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Lesson 7An introduction to the ORDER BY clause
ObjectiveLearn how the ORDER BY clause works

Sorting Rows with ORDER BY

Rows in a query result are unordered, so you should view the order in which rows appear as being arbitrary. This situation arises because the relational model posits that row order is irrelevant for table operations. You can use the ORDER BY clause to sort rows by a specified column or columns in ascending (lowest to highest) or descending (highest to lowest) order.
The ORDER BY clause always is the last clause in a SELECT statement.
Example 1: To sort by a column:
SELECT columns
FROM table
ORDER BY sort_column [ASC | DESC];
columns is one or more comma-separated column names, sort_column is the name of the column on which to sort the result, and table is the name of the table that contains columns and sort_column. (sort_column does not have to be in listed in columns.) Specify ASC for an ascending sort or DESC for a descending sort. If no sort direction is specified, ASC is assumed

The SQL in Example 2 lists the authors' first names, last names, cities, and states, sorted by ascending last name.
ORDER BY performs ascending sorts by default, so the ASC keyword is optional. (In practice, ASC typically is omitted.)
Example 2:
SELECT au_fname, au_lname, city, state
FROM authors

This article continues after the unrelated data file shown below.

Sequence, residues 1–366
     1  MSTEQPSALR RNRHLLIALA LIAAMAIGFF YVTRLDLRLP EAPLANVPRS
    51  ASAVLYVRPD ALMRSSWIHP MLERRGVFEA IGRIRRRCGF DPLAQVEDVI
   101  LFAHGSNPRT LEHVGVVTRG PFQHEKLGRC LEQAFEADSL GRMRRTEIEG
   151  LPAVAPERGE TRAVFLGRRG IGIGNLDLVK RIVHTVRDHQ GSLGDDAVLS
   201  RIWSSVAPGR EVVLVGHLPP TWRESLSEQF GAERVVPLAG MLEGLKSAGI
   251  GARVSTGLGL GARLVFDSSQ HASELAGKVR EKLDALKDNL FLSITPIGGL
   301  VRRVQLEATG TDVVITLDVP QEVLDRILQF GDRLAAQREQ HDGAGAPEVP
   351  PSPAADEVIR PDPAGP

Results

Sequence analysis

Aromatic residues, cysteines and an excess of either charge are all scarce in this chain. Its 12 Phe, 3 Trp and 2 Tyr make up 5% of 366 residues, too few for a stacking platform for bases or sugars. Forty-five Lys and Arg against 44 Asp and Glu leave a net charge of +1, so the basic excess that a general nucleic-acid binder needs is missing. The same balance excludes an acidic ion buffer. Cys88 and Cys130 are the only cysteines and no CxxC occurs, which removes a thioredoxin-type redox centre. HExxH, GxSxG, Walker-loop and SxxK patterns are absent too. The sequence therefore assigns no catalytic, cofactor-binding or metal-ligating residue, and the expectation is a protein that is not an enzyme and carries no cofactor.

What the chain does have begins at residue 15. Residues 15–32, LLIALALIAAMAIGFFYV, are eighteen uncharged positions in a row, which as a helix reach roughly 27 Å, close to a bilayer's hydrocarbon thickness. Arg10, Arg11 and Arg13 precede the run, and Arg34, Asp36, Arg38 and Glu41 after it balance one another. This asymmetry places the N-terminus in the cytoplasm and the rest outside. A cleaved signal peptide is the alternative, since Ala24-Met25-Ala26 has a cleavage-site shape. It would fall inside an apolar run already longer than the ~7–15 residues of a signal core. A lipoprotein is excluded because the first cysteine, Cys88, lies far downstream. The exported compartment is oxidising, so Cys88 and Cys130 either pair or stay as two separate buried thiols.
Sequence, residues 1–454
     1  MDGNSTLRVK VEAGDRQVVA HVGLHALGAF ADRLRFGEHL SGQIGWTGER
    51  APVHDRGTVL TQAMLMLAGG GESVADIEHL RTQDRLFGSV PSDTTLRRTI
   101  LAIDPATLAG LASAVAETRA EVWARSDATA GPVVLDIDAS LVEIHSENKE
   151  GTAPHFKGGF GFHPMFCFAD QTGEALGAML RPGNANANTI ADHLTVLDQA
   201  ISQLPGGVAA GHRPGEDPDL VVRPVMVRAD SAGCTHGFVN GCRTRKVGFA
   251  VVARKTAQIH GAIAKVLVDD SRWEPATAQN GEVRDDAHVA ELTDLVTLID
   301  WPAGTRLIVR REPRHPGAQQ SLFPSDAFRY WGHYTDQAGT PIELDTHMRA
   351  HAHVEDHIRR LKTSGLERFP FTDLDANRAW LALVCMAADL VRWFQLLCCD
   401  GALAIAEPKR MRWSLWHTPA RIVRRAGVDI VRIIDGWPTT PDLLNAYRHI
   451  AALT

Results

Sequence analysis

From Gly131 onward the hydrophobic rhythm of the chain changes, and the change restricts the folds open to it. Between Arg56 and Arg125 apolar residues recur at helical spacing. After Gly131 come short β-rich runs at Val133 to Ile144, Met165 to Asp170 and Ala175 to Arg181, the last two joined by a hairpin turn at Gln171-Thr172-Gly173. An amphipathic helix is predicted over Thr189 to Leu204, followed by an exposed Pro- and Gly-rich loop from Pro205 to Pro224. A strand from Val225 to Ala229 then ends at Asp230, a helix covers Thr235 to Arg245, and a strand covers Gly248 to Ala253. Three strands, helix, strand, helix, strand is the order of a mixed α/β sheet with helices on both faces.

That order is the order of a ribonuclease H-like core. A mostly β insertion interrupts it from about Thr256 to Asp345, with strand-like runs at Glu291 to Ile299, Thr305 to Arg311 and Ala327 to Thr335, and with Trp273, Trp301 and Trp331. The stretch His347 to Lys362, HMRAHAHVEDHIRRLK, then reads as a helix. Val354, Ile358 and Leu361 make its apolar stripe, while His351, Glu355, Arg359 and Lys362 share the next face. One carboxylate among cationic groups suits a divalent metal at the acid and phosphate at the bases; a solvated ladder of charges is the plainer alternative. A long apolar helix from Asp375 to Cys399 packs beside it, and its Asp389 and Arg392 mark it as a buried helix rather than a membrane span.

ORDER BY au_lname ASC;

Result of Select statement :This result is sorted in ascending last-name order.
Result of the select statement executed from Example 2:This result is sorted in ascending last-name order.

ORDER BY clause in SQL

If we return to Customer Table, shown below, we can see that there are a number of different ways to "slice and dice" the information presented.
LastnameFirstnamePhoneNumberZIP Code

It might be helpful to have the list sorted by last name. You sort, or order, information using the ORDER BY clause. Add this clause to your standard SELECT statement. So, if you want to return all rows from the table, you would use the following:

SELECT * FROM Customer 

This results in the table shown above. But what we want to do now is to sort this table based on the Lastname column.
This is quite straightforward:
SELECT * FROM Customer 
ORDER BY Lastname 

The result will be
Lastname Firstname PhoneNumber ZIP Code
Andrews Julie 309-123-4567 85744
Brennan Jeffrey 123-321-5678 04325
Caitlin Elizabeth 444-231-5642 95439
Wynsoup Stephen 520-555-1212 85744
Wynsoup Julie 201-453-7641 85744

This starts to make things a bit clearer. You can see that the Lastname column is now in alphabetical order. Notice, however, that the final two entries, both with the same last name, are not sorted by first name. They generally appear in the order that they were entered into the database table.